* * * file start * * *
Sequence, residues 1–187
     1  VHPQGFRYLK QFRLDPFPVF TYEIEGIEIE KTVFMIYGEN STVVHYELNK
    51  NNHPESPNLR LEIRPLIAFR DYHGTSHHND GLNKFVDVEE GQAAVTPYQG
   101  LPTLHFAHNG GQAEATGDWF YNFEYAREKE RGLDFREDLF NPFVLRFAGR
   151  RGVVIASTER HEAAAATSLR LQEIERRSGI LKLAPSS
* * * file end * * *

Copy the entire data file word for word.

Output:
Sequence, residues 1–187
     1  VHPQGFRYLK QFRLDPFPVF TYEIEGIEIE KTVFMIYGEN STVVHYELNK
    51  NNHPESPNLR LEIRPLIAFR DYHGTSHHND GLNKFVDVEE GQAAVTPYQG
   101  LPTLHFAHNG GQAEATGDWF YNFEYAREKE RGLDFREDLF NPFVLRFAGR
   151  RGVVIASTER HEAAAATSLR LQEIERRSGI LKLAPSS